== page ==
People are pretty good at identifying goals, whether in investment portfolios, careers or relationships. When we fall short, it is frequently because of trouble keeping our decisions along the way aligned with our original goals.
But there are a pair of time-traveling tools that can help you better follow through on your plans and keep your investments on track: backcasts and premortems.
A backcast is an exercise where you imagine having reached a goal and then you work backward to figure out what happened to get you there. A premortem imagines the opposite — failing to reach your goal — and asks “how did that happen?”
Backcasting is a more instinctive exercise. After all, we generally plan for success.
Imaging failure, on the other hand, doesn’t feel good. But failing to do a premortem can ruin even well-thought-out strategies for long-term success. If we anticipate later actions that can undermine our plans, we can improve the likelihood of staying on course.
To see how a premortem can reveal serious weaknesses in investment strategy, look at the February collapse of several arcane products known as “inverse-VIX ETPs.” The CBOE Volatility Index, or VIX,
measures the anticipated volatility of the stock market over the next 30 days. Because increases in volatility are typically associated with downside moves in stock markets, a product linked to VIX can serve as a hedge for an equity portfolio. There are also products that profit when the VIX goes down. For example, an inverse-VIX product would profit when implied volatility falls, which tends to coincide with positive trending stock markets.
The S&P 500’s
big gains of 2016 and 2017 were accompanied by very little volatility. On most days, VIX remained low or declined. For investors long the market but hedged against an increase in volatility, long-volatility products hurt returns, which is what you would expect when you take out a hedge against something that doesn’t happen.
As an investment strategy, XIV resembled a gambler betting it all in the casino, going on a winning streak and continuing to let it ride.
Meanwhile, inverse-VIX ETPs, which generally move with the direction of the stock market, soared during this period of low-volatility. One of those products, XIV, was worth 20 in February 2016; it climbed to nearly 150 in January 2018 as the VIX sank to new lows.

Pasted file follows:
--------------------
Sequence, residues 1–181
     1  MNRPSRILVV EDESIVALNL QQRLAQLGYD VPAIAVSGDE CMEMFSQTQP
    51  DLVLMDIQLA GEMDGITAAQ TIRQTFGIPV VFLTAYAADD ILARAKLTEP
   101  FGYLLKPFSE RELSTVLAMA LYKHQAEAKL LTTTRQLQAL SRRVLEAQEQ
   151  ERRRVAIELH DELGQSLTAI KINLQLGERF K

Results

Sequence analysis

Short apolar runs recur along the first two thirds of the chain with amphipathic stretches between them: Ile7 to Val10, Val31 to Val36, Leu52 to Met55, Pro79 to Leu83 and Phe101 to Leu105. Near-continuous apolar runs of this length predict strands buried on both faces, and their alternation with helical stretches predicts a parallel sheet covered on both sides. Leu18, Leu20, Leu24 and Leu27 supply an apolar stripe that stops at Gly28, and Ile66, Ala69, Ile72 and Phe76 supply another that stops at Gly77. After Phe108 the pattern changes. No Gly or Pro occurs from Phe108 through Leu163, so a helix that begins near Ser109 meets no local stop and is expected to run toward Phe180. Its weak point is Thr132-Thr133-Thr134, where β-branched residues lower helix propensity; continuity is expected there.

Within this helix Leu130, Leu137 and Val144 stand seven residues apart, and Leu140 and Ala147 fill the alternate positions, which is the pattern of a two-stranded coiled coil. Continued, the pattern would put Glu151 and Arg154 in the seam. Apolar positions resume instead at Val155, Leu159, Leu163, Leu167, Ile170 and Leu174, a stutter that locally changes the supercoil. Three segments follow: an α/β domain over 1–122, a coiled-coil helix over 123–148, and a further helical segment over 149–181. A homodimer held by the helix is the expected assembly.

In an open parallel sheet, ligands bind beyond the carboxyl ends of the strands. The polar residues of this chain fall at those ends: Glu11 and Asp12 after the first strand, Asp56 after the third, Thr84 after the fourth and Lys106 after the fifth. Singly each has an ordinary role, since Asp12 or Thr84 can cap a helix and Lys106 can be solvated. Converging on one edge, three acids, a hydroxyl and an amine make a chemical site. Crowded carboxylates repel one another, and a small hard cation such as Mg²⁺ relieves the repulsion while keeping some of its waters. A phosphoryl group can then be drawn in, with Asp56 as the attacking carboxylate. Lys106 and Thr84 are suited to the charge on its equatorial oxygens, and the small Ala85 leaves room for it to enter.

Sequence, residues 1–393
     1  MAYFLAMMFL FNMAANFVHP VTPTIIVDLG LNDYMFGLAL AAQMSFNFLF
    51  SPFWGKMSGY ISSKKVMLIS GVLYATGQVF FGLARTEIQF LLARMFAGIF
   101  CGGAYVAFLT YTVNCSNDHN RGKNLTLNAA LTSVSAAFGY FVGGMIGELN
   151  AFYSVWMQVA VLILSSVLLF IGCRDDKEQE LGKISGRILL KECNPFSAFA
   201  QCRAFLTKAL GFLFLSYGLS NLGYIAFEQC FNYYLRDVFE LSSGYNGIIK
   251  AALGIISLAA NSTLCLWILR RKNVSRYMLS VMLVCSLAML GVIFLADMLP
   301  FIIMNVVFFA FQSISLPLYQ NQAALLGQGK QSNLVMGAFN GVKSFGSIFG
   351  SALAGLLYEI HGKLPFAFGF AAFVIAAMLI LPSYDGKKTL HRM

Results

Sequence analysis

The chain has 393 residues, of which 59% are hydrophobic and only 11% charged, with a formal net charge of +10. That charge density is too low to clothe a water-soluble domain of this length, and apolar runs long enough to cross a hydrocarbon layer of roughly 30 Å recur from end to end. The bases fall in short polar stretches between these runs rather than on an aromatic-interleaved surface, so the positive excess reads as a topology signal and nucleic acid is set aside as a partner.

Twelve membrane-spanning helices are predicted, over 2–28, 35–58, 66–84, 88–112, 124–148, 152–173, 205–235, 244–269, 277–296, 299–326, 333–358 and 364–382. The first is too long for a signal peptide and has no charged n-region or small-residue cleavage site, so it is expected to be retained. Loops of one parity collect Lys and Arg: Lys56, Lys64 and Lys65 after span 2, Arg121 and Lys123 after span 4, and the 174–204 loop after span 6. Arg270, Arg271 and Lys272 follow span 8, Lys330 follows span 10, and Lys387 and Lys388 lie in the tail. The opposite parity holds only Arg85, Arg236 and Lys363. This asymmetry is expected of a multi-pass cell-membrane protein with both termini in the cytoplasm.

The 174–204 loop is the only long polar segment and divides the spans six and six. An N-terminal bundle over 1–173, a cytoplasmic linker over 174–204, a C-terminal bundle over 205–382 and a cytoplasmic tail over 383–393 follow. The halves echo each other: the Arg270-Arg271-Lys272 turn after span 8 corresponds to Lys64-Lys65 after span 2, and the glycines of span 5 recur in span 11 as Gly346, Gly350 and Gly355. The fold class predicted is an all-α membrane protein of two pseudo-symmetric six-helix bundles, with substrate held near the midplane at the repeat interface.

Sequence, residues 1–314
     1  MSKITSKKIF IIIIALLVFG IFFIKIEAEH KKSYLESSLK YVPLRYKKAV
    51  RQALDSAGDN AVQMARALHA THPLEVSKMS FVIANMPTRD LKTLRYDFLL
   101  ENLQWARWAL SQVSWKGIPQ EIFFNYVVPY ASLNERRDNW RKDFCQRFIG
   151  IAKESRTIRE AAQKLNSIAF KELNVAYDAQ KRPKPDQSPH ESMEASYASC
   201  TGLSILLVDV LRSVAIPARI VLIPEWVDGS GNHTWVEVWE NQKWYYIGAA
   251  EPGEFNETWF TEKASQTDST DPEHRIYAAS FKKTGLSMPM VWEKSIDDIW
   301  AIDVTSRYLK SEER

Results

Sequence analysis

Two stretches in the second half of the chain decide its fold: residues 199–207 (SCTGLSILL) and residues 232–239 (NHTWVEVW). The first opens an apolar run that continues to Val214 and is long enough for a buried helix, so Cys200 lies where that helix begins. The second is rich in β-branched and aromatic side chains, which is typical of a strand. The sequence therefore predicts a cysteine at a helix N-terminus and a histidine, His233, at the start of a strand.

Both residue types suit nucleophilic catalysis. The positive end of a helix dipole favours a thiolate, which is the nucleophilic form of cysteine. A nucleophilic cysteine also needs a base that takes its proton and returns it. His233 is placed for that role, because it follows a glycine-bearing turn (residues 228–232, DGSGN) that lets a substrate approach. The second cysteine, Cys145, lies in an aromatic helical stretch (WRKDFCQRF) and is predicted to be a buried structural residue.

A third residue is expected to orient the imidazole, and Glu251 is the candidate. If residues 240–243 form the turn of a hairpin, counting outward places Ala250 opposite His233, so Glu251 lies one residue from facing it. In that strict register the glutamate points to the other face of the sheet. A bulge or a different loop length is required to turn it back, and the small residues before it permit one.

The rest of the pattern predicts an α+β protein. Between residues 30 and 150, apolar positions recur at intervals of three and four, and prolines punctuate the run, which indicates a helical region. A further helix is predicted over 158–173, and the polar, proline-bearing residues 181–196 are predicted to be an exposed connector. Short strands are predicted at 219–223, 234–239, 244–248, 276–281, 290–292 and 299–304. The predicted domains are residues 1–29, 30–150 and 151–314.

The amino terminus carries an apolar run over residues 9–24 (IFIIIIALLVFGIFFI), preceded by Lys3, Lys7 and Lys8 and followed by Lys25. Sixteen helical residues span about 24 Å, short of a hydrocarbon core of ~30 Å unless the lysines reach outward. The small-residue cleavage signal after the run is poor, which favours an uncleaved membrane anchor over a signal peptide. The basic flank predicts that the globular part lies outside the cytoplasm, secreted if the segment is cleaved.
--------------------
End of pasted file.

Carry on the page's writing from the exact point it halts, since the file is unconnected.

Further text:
Then things changed. The stock market’s gyrations at the end of January and early February nearly doubled the level of the VIX, which helped buoy the portfolios of those who hedged their positions. Investors who were short volatility via inverse-VIX instruments, on the other hand, were essentially wiped out, as XIV went from $150 to $6.
As an investment strategy, XIV resembled a gambler betting it all in the casino, going on a winning streak, and continuing to let it ride. Wittingly or unwittingly, XIV investors signed on to the “let it ride” strategy. When the market turned, they lost everything.
The easy lesson is the dangers of greed and overconfidence. Teaching prospective investors to avoid those dangers next time is more difficult. This is where a premortem can be so useful.
A premortem exercise would ask the uncomfortable question before the investment decision: “I went broke investing in XIV. Why did that happen?” The answer would reveal itself: “A major volatility event would drive VIX up 100% in a day, which would make XIV go down 100%.”
In contrast to a premortem, which would clearly reveal the risk of an XIV investment in advance, a backcast might cause you to keep pressing your bets. Consider the following backcast: “I ended up making a ton of money. Why? I kept my money in play, kept winning, and kept pressing my bets.”
You don’t need to be considering something as complex as shorting volatility-futures to use a premortem to identify future risks that can undermine your plans. Consider the basic question of “how diversified should my stock portfolio be?” A backcast may suggest that an investor go all-in on a concentrated basket of small-cap value stocks because this might maximize the expected returns; but a premortem will consider that the portfolio may suffer untenable drawdowns that force the investor to potentially liquidate at the worst possible time. The combination of a backcast and a premortem might lead the investor to own a broad globally diversified stock portfolio.
Backcasting isn’t necessarily bad and premortem analysis isn’t a be-all and end-all. The two strategies complement each other, bringing a more balanced set of scenarios under consideration. The backcast can highlight the path to victory, but the premortem will force you to consider what can go wrong. The dual-pronged process makes it easier to make rational decisions, both initially and when considering whether to alter a goal.
Annie Duke is a world champion poker player and the author of “Thinking in Bets.” Follow her on Twitter @AnnieDuke.